The New Forest contains important wetland areas on the low-lying heath, a type of terrain which supports many rare plants and animals. These bogs and mires can be hazardous for people to wander into, but their inaccessibility is precisely what makes them a haven for wildlife. This is especially true of dragonfiles and damselfiles which thrive here. The New Forest has a superb diversity of dragonfly species and if you know where to go in the forest during summer time then you can enjoy an amazing spectacle of these beautiful insects flying all around you. For a truly comprehensive resource on New Forest Dragonflies check out Doug Overton’s excellent site which has a lot of very useful information.
If you’d like to learn more about how to photograph dragonflies for yourself, why not book your own 1-1 photograpy workshop? It’s your bespoke day, if you want it to be all about dragonflies it can be!
If ever an insect was truly named, it’s the Beautiful Demoiselle damselfly. On a bright sunny day their iridesecent blue/green bodies almost seem to be made of fine metal. Their wings are a dark colour, only the Banded Demoiselle has similar. Beautiful Demoiselles can be seen almost anywhere in South-West England, they aren’t bothered by […]
The Small Red Damselfly is a rarity across most of the UK but one of the best places to see this species is the New Forest where it thrives on boggy heathland as it prefers conditions with acidic soil which are common in the area. These damselflies are quite easy to identify because there […]
The Common Darter is one of the most regularly seen dragonflies in late summer across the New Forest. Often it will still be present through the autumn months long after it has become too cold for other species. It’s also one of the most easily photographed as it tends to return repeatedly to the […]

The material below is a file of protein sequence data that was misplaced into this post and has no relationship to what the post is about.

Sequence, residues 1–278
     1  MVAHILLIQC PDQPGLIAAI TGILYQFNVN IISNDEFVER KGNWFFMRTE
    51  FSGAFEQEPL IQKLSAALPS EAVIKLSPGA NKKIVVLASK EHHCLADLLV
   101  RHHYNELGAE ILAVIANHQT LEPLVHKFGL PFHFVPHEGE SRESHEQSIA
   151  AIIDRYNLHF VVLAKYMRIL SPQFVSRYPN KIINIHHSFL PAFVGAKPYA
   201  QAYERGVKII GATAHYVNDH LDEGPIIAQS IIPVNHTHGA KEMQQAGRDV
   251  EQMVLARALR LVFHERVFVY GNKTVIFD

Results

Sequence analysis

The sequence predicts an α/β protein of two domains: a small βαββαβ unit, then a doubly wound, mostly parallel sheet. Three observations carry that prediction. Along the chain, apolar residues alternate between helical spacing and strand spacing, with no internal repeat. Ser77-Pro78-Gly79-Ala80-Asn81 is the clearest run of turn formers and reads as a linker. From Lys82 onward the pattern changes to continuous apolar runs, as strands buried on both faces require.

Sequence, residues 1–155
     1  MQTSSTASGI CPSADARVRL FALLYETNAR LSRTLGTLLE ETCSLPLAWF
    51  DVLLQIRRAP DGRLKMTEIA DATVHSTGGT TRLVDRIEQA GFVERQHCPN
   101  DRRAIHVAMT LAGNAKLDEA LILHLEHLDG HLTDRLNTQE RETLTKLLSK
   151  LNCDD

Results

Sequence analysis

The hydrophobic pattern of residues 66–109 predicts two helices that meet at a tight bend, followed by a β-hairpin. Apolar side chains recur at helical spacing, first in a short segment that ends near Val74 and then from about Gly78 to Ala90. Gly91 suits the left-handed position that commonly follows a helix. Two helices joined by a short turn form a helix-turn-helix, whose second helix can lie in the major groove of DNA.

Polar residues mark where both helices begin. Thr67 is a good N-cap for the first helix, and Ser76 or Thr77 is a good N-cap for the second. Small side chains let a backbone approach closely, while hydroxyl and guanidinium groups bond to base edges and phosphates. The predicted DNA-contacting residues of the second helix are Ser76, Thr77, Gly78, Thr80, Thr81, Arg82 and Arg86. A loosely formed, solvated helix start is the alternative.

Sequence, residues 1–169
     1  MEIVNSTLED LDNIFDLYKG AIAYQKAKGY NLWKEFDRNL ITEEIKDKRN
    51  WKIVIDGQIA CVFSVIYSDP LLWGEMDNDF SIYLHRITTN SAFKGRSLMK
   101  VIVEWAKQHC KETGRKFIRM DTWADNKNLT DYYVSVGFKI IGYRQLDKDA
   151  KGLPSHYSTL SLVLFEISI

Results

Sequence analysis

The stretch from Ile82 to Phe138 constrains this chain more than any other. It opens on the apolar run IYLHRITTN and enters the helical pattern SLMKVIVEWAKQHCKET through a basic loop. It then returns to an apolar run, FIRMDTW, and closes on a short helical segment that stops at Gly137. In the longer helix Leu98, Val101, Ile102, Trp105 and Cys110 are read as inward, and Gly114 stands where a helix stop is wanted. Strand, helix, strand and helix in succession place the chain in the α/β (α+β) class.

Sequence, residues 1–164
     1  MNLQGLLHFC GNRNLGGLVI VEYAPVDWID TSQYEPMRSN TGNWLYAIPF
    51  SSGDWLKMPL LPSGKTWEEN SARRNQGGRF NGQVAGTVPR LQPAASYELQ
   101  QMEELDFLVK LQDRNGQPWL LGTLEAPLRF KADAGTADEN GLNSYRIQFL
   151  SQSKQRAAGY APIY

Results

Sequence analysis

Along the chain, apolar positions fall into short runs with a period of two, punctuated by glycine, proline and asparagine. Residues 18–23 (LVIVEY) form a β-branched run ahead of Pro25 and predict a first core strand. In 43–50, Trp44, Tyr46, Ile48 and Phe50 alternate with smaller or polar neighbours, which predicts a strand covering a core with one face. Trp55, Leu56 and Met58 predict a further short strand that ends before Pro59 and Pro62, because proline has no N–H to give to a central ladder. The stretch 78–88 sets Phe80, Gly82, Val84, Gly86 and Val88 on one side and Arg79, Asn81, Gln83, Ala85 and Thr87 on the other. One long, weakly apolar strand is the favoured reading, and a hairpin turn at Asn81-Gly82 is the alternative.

The Common Blue Damselfly is, as its name suggests, a regular sight across the New Forest. Certainly it’s spectacular blue and black markings stand out although colours can vary in both male and female. It does have a similar species it can be confused for, the Azure Damselfly just to confuse identification. In the […]
The Keeled Skimmer is one of the more common species of Dragonfly to be found in the New Forest. This image shows an immature female with their beautiful metallic gold colouring. They’re relatively easy to identify. But the males can be trickier. They are pale blue and are very similar to the also common […]
Photographing dragonflies in flight is always a challenge. As with most small, fast-moving subjects trying to track a moving dragonfly is often beyond the ability of either the photographer or the camera’s autofocus system. Instead I prefer to approach the issue by looking at subject behaviour and then pre-focussing, i.e. setting the composition up and […]
The Banded Demoiselle is a fairly common sight across Hampshire and easily identified by the dark patch on its otherwise translucent wings. Look for it in the early part of summer near to ponds and lakes. I found this particular individual at the Testwood Lakes nature reserve near Southampton.
The Broad Bodied Chaser is a readily identifiable species of dragonfly which is common across much of the UK. It’s chunky appearance gives it its name, it’s fatter than the Keeled Skimmer, which it can be confused with, but the tell tale yellow patches along the side of the abdomen are another good clue […]